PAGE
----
Figure 1. Percent cloud cover for Calm wind regime, May-July, 1998-2000, 1645 UTC
In addition, both the W and NW regime composites, overall, have a lower percentage of cloudiness, especially when compared to the SW composites. A good example is found by comparing two composites from 1645 UTC for May-July. Most locations in Figure 2, the NW case, have cloud percentage values approximately 20 % lower than corresponding locations in the SW case (Figure 3). This is probably due to the fact that NW winds are generally downslope for this area. From the time-series loop, it appears that part of the cloudiness of the SW case is due to convection drifting off the mountains. The areas of higher cloud percentage in the NW case appear over the peninsulas, much like the previously discussed Calm case.
Figure 2. % cloud cover for NW wind regime, May-July, 1998-2000, 1645 UTC
Figure 3.% cloud cover for SW wind regime, May-July, 1998-2000, 1645 UTC
Another feature of interest for the Wakefield region is "Bay Plumes/Streamers", an enhanced convective line over the Chesapeake Bay usually seen during the cool season. These plumes can sometimes enhance other convection in the area and trigger severe weather such as waterspouts. Since northerly winds are one of the conditions for setting up a bay plume, the N wind regime for the August-October was examined (Figure 4). While the N regime has only an average of 36 cases per hour, a hint of the bay plume can be seen during the early morning hours in the lower Chesapeake Bay, southwest the lower Eastern Shore tip.
Figure 4. Percent cloud cover for North wind regime, Aug-Oct, 1998-2000, 1245 UTC
SECTION 2: SUMMARY OF UNIVERSITY/ NWS/AFWA/NAVY EXCHANGES
2.1 Most communications by the two groups have been done via email. A poster presentation and accompanying manuscript was written with input by both groups.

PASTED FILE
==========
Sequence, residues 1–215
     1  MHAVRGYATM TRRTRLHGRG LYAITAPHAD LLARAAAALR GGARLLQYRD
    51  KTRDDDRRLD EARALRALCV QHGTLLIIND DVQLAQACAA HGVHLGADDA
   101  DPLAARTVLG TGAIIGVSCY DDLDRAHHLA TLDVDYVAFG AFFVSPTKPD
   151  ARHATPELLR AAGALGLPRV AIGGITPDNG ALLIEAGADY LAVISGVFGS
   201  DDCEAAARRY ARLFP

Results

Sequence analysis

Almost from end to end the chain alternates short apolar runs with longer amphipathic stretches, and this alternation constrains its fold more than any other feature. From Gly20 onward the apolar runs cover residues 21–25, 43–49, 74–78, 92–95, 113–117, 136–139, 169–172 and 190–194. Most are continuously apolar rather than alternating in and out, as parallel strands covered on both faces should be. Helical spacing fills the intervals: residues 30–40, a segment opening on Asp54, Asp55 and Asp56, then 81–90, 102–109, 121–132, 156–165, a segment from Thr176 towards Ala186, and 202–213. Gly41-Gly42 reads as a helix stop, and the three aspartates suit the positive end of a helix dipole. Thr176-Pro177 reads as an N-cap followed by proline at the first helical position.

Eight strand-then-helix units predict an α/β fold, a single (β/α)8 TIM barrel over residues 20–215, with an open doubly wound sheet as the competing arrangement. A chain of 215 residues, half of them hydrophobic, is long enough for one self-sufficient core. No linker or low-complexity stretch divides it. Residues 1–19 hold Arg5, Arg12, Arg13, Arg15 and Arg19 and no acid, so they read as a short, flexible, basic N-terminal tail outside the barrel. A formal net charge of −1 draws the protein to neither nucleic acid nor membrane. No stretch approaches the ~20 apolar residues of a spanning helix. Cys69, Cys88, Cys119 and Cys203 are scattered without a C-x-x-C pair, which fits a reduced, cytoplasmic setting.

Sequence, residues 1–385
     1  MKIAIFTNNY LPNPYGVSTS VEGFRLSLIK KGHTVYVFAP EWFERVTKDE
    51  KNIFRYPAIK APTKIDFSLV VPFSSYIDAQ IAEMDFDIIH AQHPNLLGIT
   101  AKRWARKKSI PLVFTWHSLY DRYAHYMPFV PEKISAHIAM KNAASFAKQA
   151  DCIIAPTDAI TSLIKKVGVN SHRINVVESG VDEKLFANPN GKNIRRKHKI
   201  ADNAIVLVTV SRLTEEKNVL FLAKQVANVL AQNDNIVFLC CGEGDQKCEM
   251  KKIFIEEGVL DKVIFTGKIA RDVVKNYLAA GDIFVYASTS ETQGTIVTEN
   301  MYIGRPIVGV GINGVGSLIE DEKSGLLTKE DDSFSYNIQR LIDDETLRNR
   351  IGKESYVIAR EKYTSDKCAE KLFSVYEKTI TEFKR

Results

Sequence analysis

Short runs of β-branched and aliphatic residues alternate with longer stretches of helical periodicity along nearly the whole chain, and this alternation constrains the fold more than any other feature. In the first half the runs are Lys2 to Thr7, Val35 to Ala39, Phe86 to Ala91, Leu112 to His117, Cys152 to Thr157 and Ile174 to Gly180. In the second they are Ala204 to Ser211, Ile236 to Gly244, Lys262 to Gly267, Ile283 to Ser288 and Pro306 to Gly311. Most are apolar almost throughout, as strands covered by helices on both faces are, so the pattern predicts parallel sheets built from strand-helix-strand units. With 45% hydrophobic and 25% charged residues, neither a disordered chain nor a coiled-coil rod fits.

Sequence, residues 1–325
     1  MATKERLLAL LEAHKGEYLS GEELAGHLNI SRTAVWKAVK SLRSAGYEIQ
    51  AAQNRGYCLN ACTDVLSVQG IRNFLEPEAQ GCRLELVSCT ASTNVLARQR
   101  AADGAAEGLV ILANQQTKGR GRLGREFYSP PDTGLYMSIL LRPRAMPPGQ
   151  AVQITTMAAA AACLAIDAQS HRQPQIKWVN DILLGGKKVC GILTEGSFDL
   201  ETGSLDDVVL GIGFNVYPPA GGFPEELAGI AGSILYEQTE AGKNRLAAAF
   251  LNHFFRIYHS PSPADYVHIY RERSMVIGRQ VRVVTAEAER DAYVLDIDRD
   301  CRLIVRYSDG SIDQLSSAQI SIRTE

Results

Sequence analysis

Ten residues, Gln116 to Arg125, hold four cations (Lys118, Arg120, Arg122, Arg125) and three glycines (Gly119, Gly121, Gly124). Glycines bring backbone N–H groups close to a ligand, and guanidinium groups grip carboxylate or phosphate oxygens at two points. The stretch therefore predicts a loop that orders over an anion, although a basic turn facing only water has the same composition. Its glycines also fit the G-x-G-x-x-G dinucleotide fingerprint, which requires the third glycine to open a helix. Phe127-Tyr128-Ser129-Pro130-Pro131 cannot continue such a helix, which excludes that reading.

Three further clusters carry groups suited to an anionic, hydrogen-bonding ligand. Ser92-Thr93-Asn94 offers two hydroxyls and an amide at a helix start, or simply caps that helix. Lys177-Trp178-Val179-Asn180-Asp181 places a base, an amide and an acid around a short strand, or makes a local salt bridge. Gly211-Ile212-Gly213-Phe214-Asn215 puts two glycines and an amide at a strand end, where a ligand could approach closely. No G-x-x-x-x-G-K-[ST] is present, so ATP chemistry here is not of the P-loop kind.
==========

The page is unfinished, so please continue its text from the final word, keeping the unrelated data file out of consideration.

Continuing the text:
SECTION 3: PRESENTATIONS AND PUBLICATIONS
3.1 The results will be presented at a poster session for the 11th Conference on Satellite Meteorology and Oceanography in Madison, WI in October.
Combs, C.L., N. A. Stuart, M. DeMaria, and T. H. Vonder Haar, 2001: Wind regime GOES cloud cover composites for the Wakefield, VA County Warning Area. Preprints, 11th Conf. on Satellite Meteorology and Oceanography, Madison, WI, Amer. Meteor. Soc., in press.
SECTION 4: SUMMARY OF BENEFITS AND PROBLEMS ENCOUNTERED
4.1 Benefits to the University and Problems Encountered
There were no major problems with this study. The NWS personnel were very helpful and great to work with. It has been invaluable to be able to collaborate with a field office. By opening up discussions of the preliminary product, we were given a better idea of their forecasting concerns and interests. This knowledge allowed us to produce a more useful product for field operations, instead of trying to guess what would be of interest. They have also provided insight into the area and its weather from a local perspective. In addition, we were able to hire a student hourly from a local High School, who has gained computer experience and some exposure to satellite data processing.
The only drawback is that it would have been nice to have had one session to discuss the final products with both groups in a room, instead of just segmented discussions via email.
4.2 Benefits to the NWS and problems encountered
At this stage in the collaboration, the web site has helped us determine some
persistent cloud features, that are implied within the percent cloud cover displays,
for wind regimes from south through west and north. For example, there is higher
percentage of cloud cover in areas of localized convergence such as peninsulas
around the Chesapeake Bay. There is also some support of a Chesapeake Bay feature,
depicted as a relative maximum in percent cloud cover, for the north wind direction.
There are not enough cases for effective evaluation of northeast through southeast wind regimes. However, the 10 or less cases suggest these wind regimes feature characteristically high percentages of cloud cover, which would have a high impact on aviation forecasting. Adding cases from this year would increase the number of cases for these wind regimes.
More careful analysis of the data on the web site is needed before specific forecast applications for convective development or aviation forecasting can be developed. Specific forecast applications must be developed before more staff become involved in the project, specifically for evaluation of forecast applications.